Random Weapon Changes

In combat situations, you'll find your weapon changes based on the game's mood. You'll be going along fine with the sword in your hand. The next thing you know the game has switched you to fists for no apparent reason. So now you have to fumble to get back to your sword. Sometimes, you lose your sword for no apparent reason. I'm assuming one of the soldiers disarmed me, but there was no warning of this. I don't remember this problem in Assassin's Creed II at all. This appears to be something new in Brotherhood.

Random Finishing Moves

Smoke bombs are also frustrating. You throw a smoke bomb and all of the guards start coughing. So, you choose the sword and try to swing it. Instead, the game chooses to do some kind of fist punch and a back breaking thing. If I had wanted to punch the guards with my fists, I would have selected the fist weapon. Why is the game, then, choosing this fist finishing move INSTEAD of using the weapon I've chosen (i.e., the sword or the assassin blade)? It's these little annoying things that just continue to mount making this game less and less enjoyable and more and more frustrating. Use the weapon I select and use it when I tell you to.

Lose-No-Health-Square Challenges, Guards and Running

Further into the game, Brotherhood starts throwing 'Lose no health square' challenges at you. However, instead of making this challenge just progress normally, the game continually throws excessive numbers of guard after guard after guard at you while you're trying to make your way across the map. If this is supposed to be some kind of 'challenge' it isn't. This is a disaster and definitely indicates bad game design. The trouble is, if any guard connects with you, you end up falling on the ground and rolling around. This rolling maneuver kills time and lets other guards catch up. Worse, the guards can actually run faster than Ezio. This is wrong. Ezio is supposed to be a well trained Assassin and in peak athletic form. In order to scale buildings in the way that Ezio does, he would have to be extremely athletic and should be able to outrun anybody when sprinting. Yet, the guards are about 2 times faster than Ezio and the guards are usually oufitted in full body armor. Does anyone really think this stuff through?

Camera Problems

Later into the game, Camera problems also begin to surface. So, you do something like loot a body and then the camera decides to rotate around to a different view. Then, the game proceeds to leave the newly placed camera in the new position. That is, instead of returning the camera to the position before the looting started. Worse, when in close proximity to wall surfaces, the camera can get wonky. It will begin to act erratically and attempt to move into a position that's optimal. Instead, it ends up continually moving around completely disorienting the gamer. Again, this makes the game frustrating to play as the gamer now has to spend time reorienting to where the camera has decided it wants to be. When this happens during a quest (and it will), you lose time and, sometimes, lose the quest.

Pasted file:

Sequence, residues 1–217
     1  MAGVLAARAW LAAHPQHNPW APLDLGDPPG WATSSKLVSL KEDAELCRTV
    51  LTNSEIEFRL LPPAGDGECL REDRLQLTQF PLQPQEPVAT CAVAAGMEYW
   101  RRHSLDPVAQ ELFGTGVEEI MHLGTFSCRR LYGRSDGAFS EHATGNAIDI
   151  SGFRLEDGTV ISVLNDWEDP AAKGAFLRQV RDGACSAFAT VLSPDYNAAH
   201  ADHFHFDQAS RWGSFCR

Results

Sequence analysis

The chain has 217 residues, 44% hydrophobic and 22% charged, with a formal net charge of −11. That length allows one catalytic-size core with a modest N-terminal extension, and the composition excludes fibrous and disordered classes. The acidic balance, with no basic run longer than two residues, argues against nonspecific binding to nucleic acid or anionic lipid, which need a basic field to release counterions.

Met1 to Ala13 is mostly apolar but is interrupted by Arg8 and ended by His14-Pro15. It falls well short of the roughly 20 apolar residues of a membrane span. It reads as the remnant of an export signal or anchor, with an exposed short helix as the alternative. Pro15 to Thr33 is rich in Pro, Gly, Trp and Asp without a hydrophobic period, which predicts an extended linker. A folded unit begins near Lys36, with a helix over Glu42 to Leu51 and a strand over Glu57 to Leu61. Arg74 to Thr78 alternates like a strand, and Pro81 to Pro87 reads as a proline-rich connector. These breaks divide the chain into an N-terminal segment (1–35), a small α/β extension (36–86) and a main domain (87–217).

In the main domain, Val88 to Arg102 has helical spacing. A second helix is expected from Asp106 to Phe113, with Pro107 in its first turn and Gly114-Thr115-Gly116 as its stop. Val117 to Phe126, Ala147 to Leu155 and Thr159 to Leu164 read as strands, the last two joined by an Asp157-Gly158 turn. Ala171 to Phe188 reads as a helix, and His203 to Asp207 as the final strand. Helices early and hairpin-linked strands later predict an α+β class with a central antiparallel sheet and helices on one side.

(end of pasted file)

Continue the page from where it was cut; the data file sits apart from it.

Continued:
Countdown Timers and Chase Quests

Countdown timers should not even be used in Assassin's Creed Brotherhood or, indeed, in any Assassin's Creed game. The game is about being an assassin. An assassin who carefully, slowly and meticulously plans kills and then the means of escape without people seeing what happened. Instead, the game throws in 2-3 minute countdown timers to get from point A to B. So, instead of being able to plan the kill, you're racing to get to where the game wants you to be no matter how many guards it throws at you. Worse, when the developers combine chase/follow-me quests with countdown timers, it's the worst of all possibilities. When you're following someone, if the tail gets out of sight, a 25 second countdown timer starts. So, you have to 'see' your tail every so often to reset this timer. By 'see', I mean the camera has to see the person you are following. Ezio can remain hidden inside a bail of hay or some other hiding place.

Chases use a different mechanism. When you're chasing someone, the trouble is that person doesn't even have to get very far head and the game will say 'target lost'. Seriously, you can still see the target on the screen in front of you and the game still says 'target lost'. Bad bad bad. Again, no play testing.

Lack of Achievements

Yes, you'll get a 20G achievement at the completion of every quest (100% sync or not). These kinds of a achievements tend to annoy me. By that I mean, you have to complete the quest to move the game forward anyway, so how is that really an achievement? Yet, once you purchase all tailor shops, blacksmith shops, stables, or indeed purchase every single thing on the map, no achievement. That makes no sense. If you've spent the time and effort to scour the entire map and completely rebuild Rome, isn't that worthy of an achievement or at least Uplay points? How is it that the game developers don't see this? Yet, you get neither an achievement or uplay points. Again, bad design and more proof that this game was not play tested.